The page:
Interview question

  1. 0
    During an interview I was asked the following:

    "You're a nurse in the ICU. Two patients are due for medications right now, a ventilator alarm is going off, and a patient call light is on. In what order do you handle things?"

    I said:
    "I would go to the ventilator alarm first, because I would be concerned about their airway and breathing. Assuming I'm well within the window of an hour for medications, I would see what the patient call light is for, in case they need help. After I determine their needs, I can prioritize their needs with my patients who need medications."

    I wasn't offered the job, and this is one of the few questions that has stuck in my head. Do you see a better way to answer it? I feel like I may have missed something very obvious here.
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  3. 4 Comments so far...

  4. 1
    I agree 100% with your answer. Only other thing I might have added was to ask for help from my co workers (even though we know this might not be an option in real life)

    Why do you think this was the question that they didn't like the answer too.
    delilas likes this.
  5. 0
    I actually don't think I did spectacularly well for the interview overall, but this one kept sticking with me, and I keep thinking that maybe the obvious answer was the wrong one?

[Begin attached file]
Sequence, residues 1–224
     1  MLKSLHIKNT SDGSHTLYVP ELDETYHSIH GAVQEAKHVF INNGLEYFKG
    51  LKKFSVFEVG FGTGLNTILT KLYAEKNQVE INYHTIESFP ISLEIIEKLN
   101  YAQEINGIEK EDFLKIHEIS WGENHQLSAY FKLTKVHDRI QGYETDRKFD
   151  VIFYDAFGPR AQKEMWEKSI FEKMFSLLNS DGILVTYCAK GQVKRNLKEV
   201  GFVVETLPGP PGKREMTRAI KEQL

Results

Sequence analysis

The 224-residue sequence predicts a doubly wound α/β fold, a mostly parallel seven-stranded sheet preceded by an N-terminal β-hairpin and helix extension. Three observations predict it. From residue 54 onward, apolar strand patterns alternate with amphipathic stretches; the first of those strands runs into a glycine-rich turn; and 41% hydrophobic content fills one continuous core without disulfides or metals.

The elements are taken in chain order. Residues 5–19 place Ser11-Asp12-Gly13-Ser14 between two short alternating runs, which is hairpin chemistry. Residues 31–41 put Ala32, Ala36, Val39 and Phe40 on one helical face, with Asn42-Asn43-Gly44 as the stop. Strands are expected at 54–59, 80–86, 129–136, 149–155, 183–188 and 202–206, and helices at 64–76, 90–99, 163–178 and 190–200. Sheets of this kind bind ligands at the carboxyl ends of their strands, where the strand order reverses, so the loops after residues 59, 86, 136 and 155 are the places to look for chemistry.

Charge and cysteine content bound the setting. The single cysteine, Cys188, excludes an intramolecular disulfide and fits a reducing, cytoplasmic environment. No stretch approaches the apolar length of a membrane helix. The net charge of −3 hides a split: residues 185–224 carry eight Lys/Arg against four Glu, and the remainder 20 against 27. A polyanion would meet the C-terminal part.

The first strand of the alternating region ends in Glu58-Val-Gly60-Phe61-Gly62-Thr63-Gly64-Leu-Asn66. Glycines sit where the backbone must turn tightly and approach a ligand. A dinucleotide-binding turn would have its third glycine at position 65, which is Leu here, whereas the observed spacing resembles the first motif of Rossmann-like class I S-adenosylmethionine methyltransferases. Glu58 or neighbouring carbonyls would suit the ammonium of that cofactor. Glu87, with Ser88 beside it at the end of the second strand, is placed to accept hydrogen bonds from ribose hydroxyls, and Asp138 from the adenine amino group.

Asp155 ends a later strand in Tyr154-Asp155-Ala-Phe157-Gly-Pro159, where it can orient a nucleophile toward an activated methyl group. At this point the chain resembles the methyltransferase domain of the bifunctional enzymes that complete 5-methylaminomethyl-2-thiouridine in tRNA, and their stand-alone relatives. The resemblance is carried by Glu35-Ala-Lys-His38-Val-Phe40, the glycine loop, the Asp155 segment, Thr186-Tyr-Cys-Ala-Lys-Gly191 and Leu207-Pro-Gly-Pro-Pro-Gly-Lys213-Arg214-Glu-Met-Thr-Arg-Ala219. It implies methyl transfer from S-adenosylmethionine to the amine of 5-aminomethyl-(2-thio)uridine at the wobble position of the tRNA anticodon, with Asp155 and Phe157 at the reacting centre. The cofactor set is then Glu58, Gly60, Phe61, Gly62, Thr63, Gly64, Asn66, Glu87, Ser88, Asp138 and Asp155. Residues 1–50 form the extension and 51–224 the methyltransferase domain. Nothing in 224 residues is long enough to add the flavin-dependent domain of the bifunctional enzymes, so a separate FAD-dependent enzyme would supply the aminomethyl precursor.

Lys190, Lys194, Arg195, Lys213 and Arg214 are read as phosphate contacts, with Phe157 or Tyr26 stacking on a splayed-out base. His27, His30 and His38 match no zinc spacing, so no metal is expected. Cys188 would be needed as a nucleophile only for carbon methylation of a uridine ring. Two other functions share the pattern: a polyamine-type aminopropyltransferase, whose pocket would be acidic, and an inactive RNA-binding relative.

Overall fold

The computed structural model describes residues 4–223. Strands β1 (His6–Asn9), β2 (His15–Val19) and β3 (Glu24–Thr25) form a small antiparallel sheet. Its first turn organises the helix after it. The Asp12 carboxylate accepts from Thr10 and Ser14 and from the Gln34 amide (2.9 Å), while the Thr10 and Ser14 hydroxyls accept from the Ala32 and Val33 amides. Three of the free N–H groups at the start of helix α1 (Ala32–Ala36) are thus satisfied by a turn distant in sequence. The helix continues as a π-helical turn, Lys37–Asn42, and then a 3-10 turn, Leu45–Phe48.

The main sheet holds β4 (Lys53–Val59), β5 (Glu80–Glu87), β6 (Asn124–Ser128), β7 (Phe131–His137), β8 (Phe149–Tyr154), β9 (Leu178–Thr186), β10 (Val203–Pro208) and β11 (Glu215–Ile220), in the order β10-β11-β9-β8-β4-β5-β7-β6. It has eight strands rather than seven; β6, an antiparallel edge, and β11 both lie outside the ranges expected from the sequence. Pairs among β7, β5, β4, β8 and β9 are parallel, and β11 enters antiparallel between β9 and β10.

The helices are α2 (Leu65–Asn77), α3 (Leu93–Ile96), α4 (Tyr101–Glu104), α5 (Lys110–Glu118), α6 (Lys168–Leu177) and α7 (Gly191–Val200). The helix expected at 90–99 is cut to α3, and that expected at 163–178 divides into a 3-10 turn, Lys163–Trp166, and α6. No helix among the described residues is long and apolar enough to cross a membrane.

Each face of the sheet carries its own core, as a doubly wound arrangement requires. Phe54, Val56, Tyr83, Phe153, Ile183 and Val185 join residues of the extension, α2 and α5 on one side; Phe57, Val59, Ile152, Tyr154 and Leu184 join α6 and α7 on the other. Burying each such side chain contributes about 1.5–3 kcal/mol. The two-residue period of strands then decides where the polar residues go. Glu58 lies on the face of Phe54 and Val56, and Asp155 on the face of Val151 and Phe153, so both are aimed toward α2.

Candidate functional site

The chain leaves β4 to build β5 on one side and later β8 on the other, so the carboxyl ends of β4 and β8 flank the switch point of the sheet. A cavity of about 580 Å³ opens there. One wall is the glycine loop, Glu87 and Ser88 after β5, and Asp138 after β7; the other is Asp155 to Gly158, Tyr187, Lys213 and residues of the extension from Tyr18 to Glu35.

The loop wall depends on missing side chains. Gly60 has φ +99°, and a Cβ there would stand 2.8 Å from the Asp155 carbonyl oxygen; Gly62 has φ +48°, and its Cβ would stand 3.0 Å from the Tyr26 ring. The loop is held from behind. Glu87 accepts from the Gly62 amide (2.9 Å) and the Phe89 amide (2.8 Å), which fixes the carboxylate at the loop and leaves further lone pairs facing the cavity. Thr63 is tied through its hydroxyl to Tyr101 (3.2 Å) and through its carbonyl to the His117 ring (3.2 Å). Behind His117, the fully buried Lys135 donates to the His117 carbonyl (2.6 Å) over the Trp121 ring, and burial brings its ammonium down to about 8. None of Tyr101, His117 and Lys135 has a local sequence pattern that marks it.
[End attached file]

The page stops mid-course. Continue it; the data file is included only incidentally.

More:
I know I bombed the answer for "Why do you want to be in critical care?" - I think my answer was super generic and not well put together. I went on about how it's always been my career choice, and I can't see myself doing anything else, but I don't think that would really mean much to a hiring manager.

    I'm interviewing for a very similar position with the same hospital soon, so I'm trying to cover my bases!
  6. 0
    I think your answer was fine. If a vent is alarming, that is always a priority.

    I'm sorry you didn't get the job. Remember, it's not personal. Really ... it's not. Good luck on the next go round.
  7. 0
    You maybe should have asked the interviewer if she thought your priorities were correct. I do, BTW.

    Asking coworkers for help is a real 2-edged sword. I think we're supposed to have octopus arms and never need help - but be ever ready to give it.

    Tough call.


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